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Sentencing law comes from two sources: statute and the common law. In Tasmania, the Sentencing Act 1997 (Tas) is the statutory source of law for Tasmanian offences committed by adults. Juveniles, in all but the most exceptional cases, are sentenced under the Youth Justice Act 1997 (Tas). Some common law principles apply in Tasmania, as the statute is silent on some points of law. The common law in sentencing applies in all Australian jurisdictions in as far as their sentencing legislation is silent. In Tasmania, this means that the ‘instinctive synthesis’ approach, parsimony, proportionality, double jeopardy, and retribution continue to be governed by the common law, and coexist with the Sentencing Act. These will be discussed in depth later.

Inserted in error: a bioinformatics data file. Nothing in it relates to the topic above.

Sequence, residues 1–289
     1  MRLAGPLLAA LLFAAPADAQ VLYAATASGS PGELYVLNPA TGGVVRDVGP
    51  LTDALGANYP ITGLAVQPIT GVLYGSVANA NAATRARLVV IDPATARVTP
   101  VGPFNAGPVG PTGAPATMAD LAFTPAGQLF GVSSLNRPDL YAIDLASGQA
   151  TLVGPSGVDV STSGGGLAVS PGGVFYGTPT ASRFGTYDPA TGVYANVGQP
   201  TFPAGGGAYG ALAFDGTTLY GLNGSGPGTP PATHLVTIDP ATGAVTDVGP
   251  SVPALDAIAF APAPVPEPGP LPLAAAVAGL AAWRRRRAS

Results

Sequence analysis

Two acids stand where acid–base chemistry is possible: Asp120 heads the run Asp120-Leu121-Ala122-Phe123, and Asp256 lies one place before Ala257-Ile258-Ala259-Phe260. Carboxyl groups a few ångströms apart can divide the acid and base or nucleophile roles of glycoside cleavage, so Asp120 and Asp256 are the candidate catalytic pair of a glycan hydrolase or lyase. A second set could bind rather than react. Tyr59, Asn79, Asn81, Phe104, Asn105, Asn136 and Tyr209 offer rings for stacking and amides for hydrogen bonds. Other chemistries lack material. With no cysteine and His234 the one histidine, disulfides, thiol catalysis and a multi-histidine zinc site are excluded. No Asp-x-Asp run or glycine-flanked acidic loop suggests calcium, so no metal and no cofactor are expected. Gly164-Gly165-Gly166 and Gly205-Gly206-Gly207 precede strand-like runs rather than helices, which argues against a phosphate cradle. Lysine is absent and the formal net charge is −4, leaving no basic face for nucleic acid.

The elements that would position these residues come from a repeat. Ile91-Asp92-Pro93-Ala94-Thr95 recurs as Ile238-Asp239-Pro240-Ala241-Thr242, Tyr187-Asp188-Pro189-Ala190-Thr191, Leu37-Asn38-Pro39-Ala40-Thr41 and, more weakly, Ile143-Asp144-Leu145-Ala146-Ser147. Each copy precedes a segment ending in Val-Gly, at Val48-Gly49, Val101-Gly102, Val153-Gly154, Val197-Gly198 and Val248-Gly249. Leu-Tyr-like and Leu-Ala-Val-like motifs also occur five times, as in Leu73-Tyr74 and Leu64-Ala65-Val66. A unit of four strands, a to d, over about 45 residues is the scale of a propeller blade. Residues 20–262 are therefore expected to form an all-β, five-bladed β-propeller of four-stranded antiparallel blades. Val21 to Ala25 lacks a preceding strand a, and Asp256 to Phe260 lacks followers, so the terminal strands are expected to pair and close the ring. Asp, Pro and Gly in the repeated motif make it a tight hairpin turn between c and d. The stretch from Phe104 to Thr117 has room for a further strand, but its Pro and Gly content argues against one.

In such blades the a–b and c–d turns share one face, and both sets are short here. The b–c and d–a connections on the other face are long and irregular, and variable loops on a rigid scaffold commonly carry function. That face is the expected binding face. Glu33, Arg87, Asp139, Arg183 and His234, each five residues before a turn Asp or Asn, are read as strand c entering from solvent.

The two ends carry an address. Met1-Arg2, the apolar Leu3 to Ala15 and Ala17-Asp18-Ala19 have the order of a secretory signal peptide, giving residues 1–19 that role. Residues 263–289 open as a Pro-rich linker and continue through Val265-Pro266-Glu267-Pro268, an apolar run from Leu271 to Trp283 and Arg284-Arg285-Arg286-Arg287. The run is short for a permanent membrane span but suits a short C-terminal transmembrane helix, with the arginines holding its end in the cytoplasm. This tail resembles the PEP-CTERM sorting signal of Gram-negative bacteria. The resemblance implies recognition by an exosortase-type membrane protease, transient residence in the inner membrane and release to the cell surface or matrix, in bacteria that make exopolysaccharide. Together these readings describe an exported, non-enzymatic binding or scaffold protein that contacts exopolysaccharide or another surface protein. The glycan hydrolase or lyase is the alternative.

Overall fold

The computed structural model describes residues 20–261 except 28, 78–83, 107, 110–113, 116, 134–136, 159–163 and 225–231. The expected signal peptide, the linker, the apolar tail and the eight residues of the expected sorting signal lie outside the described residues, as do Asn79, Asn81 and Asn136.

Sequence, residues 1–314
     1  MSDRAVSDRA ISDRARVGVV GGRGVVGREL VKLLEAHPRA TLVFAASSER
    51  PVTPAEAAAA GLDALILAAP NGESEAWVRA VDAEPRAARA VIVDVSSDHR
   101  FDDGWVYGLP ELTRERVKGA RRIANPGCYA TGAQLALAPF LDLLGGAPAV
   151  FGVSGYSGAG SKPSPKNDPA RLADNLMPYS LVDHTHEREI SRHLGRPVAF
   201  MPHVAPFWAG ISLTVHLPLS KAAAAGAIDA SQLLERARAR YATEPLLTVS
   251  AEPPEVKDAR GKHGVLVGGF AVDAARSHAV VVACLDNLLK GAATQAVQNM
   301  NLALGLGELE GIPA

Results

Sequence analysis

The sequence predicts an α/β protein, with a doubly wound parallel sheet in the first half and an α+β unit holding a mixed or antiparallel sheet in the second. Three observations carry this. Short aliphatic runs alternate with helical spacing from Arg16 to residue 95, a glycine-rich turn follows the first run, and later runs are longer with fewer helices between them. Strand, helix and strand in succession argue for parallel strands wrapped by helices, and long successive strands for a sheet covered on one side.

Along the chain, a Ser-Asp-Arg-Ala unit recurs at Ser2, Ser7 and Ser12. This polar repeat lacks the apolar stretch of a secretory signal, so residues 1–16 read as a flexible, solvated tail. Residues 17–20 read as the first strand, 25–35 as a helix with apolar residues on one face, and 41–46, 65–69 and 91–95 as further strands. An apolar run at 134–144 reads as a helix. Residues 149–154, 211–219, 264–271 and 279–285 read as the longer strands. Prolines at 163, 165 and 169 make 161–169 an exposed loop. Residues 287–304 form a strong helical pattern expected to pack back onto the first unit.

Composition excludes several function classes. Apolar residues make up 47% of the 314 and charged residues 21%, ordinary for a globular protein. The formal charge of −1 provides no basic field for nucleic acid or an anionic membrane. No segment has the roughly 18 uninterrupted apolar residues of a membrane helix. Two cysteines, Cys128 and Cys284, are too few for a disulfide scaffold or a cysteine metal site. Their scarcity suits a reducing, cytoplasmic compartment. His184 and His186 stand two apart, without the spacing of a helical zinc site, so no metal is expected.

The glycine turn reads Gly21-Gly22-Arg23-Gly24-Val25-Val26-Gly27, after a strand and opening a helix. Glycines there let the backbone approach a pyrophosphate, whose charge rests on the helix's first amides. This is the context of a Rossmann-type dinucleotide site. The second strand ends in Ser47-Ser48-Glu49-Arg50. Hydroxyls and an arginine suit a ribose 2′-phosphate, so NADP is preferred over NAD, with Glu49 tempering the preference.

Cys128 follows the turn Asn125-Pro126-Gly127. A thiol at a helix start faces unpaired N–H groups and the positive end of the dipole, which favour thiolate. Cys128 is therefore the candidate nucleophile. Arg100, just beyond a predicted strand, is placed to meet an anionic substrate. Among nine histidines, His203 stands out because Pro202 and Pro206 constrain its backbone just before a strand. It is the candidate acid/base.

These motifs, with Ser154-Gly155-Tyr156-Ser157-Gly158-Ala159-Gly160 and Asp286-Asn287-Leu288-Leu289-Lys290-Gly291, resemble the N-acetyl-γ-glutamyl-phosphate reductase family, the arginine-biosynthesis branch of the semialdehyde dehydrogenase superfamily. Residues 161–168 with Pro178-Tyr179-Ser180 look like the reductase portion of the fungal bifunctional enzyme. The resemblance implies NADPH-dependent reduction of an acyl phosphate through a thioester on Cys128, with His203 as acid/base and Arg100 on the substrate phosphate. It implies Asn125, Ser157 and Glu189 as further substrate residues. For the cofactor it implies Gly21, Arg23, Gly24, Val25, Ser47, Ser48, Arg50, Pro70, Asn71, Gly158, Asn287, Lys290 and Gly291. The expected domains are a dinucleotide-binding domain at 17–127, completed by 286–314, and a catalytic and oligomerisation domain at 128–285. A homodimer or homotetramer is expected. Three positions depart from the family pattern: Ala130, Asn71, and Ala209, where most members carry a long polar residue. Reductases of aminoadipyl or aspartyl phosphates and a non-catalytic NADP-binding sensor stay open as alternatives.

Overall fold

The Sentencing Act and the Youth Justice Act both have common themes. Both of these Acts considers punishment and rehabilitation to be important, however, sentencing for adults tends to begin with denunciation and deterrence as the primary purposes whereas sentencing for juveniles, in all but the most exceptional cases, has the predominant purpose of rehabilitation and treatment as the starting point. Up until the age of 21 sentencing for youths also has rehabilitation as a dominant purpose, but the degree to which rehabilitation is considered for young offenders varies, depending on circumstances. 

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